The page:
“The doctrines of several Greek philosophers, who had been instructed in Egypt, demonstrates their profound learning. Orpheus, who, according to Artapanus, was a disciple of Moyses (Moses), Pythagoras, Herodotus, and Plato owe their philosophy to the same temples in which the wise Solon was instructed by the priests.
“Antiklides relates”, says Pliny, “that the letters were invented in Egypt by a person whose name was Menon, fifteen years before Phoroneus the most ancient king of Greece.” Jablonski proves that the heliocentric system, as well as the earth’s sphericity, were known by the priests of Egypt from immemorial ages. “This theory”, he adds, “Pythagoras took from the Egyptians, who had it from the Brachmans of India.”
Fenelon, the illustrious Archbishop of Cambray, in his Lives of the Ancient Philosophers, credits Pythagoras with this knowledge, and says that besides teaching his disciples that as the earth was round there were antipodes, since it was inhabited everywhere, the great mathematician was the first to discover that the morning and evening star was the same.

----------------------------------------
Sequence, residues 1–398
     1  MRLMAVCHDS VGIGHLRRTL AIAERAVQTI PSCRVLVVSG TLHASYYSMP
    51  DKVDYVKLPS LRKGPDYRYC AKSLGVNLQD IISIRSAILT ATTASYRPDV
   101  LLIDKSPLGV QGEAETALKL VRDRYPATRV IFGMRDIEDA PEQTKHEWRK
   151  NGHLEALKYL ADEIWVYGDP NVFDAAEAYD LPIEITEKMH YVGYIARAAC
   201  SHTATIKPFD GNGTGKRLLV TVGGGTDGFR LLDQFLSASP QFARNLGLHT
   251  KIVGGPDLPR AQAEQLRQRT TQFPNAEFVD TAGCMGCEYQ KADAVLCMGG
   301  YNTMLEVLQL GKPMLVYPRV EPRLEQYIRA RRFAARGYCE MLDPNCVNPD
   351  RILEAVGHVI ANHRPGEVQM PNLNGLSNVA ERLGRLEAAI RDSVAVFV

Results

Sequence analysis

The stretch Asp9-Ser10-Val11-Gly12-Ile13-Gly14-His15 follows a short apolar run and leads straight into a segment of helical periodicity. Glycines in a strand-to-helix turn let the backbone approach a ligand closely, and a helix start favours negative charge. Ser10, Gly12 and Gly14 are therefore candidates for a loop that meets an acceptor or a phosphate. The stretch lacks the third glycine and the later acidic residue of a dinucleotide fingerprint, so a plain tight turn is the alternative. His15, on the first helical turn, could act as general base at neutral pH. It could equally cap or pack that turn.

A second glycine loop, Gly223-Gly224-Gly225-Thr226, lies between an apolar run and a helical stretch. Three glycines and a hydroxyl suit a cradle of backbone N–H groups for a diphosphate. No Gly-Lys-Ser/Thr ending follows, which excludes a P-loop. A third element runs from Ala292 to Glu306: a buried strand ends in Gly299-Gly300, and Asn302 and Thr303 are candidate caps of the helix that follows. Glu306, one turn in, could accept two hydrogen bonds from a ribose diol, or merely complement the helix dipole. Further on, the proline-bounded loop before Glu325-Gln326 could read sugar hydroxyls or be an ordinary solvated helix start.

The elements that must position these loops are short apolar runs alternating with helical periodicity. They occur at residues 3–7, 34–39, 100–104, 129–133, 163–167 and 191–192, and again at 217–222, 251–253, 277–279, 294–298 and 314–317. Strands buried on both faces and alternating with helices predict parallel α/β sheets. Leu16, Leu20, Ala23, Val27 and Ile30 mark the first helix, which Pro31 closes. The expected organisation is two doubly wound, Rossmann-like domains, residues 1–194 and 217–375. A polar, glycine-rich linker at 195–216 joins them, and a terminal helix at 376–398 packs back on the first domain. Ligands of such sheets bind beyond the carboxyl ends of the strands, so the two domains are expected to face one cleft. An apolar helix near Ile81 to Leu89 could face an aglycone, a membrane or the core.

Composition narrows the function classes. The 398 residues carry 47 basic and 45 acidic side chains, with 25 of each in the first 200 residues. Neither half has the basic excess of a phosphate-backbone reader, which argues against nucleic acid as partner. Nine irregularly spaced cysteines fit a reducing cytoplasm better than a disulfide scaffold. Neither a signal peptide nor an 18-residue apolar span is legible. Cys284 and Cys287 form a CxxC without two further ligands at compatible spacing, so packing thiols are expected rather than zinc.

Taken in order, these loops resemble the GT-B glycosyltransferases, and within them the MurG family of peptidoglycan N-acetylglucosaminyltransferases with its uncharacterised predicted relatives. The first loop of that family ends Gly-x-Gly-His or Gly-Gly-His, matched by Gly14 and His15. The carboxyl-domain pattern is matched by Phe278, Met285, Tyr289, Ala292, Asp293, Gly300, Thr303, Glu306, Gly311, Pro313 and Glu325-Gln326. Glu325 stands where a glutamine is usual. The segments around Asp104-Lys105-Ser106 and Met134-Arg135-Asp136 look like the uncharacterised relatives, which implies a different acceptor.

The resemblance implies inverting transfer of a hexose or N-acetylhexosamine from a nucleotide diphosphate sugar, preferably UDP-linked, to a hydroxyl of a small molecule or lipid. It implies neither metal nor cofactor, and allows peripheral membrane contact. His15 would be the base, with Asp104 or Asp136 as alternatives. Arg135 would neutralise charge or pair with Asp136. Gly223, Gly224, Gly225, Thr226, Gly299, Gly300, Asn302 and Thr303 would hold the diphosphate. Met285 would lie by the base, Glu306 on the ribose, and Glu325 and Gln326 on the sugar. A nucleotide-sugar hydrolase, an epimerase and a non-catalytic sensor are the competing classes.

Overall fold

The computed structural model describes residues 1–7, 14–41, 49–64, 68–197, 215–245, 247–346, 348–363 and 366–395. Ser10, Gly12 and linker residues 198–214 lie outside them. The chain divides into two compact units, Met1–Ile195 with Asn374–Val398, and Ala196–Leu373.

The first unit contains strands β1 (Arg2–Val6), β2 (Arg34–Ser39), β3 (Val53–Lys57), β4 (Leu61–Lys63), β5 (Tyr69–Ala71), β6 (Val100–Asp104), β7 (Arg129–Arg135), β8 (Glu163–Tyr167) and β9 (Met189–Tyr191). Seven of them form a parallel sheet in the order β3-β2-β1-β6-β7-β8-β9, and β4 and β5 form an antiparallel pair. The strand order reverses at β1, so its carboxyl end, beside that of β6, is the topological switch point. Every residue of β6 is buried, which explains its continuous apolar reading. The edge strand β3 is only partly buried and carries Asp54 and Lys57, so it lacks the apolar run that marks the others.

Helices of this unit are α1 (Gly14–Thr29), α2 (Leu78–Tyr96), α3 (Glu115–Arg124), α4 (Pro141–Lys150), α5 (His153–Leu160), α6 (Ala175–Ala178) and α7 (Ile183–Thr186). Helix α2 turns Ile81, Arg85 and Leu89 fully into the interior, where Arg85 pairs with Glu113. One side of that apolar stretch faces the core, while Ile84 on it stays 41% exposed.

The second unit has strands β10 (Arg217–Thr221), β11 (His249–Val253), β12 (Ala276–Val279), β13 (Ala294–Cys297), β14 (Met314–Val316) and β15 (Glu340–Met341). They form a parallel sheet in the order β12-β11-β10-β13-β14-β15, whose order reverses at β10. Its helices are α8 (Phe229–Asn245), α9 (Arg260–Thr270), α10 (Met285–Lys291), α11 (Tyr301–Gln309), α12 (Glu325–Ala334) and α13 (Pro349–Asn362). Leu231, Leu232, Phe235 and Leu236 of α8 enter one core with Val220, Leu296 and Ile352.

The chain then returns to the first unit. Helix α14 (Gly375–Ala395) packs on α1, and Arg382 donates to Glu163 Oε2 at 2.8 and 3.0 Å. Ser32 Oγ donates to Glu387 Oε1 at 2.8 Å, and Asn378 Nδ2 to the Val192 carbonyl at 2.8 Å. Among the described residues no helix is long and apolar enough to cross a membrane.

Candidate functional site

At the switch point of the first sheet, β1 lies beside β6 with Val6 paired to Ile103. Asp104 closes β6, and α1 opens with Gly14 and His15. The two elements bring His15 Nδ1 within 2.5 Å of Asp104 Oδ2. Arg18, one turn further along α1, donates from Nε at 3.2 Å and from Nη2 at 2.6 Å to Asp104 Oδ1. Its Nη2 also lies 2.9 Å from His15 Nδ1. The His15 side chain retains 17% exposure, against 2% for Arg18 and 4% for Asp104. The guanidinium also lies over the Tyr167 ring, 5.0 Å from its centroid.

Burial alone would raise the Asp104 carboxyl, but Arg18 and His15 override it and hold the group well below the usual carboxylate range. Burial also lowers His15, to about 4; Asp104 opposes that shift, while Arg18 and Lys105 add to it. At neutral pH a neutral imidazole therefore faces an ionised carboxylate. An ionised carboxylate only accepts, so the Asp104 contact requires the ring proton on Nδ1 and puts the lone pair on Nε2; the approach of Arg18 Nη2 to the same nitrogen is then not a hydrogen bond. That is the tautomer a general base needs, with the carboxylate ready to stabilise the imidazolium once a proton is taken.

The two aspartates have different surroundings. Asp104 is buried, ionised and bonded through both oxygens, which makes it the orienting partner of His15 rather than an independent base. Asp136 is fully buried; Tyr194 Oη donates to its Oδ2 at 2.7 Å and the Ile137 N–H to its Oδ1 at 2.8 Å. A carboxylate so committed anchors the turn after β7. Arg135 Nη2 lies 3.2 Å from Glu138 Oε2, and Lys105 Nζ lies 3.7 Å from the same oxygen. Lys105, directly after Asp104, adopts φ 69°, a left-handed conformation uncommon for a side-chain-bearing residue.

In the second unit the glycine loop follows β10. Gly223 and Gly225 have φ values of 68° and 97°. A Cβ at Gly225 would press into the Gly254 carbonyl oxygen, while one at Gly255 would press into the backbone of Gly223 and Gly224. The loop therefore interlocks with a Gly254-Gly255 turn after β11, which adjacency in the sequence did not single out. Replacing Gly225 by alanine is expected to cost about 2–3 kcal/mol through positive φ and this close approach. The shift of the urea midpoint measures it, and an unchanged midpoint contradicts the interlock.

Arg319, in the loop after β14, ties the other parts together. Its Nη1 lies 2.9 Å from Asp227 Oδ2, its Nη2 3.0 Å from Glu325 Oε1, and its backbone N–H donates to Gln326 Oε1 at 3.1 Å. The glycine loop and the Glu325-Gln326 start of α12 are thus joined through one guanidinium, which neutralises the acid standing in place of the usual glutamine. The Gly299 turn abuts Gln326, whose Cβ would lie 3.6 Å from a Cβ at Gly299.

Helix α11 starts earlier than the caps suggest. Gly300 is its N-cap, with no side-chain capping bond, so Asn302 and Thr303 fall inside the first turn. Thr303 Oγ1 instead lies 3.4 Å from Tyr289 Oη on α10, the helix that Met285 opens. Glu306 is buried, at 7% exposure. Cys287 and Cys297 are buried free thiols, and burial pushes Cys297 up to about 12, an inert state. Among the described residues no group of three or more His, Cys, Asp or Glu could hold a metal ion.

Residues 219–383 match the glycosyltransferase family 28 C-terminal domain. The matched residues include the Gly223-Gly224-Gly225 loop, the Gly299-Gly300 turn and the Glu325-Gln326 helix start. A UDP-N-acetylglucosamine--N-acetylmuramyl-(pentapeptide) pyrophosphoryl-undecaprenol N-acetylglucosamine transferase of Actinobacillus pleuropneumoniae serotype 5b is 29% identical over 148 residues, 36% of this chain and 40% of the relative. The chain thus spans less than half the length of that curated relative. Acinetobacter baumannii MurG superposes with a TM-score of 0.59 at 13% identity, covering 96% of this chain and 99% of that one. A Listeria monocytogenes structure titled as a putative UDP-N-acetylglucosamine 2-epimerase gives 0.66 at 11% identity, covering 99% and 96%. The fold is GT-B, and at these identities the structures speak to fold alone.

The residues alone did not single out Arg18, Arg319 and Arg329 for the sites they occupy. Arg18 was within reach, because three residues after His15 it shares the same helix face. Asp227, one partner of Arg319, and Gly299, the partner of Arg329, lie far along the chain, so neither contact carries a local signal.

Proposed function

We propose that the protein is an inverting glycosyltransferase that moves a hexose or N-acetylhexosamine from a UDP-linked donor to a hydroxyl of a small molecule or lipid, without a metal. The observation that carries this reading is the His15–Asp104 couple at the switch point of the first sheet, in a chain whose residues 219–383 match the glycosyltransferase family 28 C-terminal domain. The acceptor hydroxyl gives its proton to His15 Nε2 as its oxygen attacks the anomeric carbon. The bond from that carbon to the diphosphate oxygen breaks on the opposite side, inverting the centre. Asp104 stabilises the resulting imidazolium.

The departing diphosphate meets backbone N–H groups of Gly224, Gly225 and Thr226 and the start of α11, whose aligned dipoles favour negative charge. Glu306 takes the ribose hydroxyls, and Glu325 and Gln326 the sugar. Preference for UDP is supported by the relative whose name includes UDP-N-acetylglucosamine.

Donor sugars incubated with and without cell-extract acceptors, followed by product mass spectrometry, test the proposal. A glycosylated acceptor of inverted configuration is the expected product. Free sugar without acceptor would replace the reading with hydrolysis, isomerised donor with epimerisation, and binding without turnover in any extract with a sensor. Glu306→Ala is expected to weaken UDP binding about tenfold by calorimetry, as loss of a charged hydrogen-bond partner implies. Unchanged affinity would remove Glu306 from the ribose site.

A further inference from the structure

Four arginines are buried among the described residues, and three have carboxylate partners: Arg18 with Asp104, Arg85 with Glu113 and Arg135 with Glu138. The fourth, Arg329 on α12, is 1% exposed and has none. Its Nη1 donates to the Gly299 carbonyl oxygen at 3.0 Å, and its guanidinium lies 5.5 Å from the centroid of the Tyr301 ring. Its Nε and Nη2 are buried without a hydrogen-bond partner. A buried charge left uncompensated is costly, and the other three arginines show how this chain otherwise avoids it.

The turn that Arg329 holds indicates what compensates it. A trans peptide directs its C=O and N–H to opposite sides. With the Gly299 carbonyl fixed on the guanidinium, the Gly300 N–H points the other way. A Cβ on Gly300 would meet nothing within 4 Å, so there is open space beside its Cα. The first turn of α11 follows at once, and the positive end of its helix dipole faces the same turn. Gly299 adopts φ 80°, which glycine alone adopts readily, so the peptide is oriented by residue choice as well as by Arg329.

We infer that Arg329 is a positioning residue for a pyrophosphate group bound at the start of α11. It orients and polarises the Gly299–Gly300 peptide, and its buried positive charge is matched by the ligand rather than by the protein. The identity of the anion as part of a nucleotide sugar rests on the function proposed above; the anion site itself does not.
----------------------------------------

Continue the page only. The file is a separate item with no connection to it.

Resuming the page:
If we now consider that Pythagoras lived in about the 16th Olympiad, over 700 years B.C., and taught this fact at such an early period, we must believe that it was known by others before him. The works of Aristotle, Laertius, and several others in which Pythagoras is mentioned, demonstrate that he had learned from the Egyptians about the obliquity of the ecliptic, the starry composition of the milky way, and the borrowed light of the moon.
Wilkinson, corroborated later by others, says the the Egyptians divided time, knew the true length of the year, and the precession of the equinoxes. By recording the rising and the setting of the stars, they understood the particular influences which proceed from the positions and conjunctions of all heavenly bodies, and therefore their priests, prophesying as accurately as our modern astronomers, meteorological changes, could, en plus, astrologize through astral motions.
Though the sober and eloquent Cicero may be partially right in his indignation against the exaggerations of the Babylonian priests, who “assert that they have preserved upon monuments observations extending back during an interval of 470,000 years, still, the period at which astronomy had arrived at its perfection with the ancients is beyond the reach of modern calculation.”
H. P. Blavatsky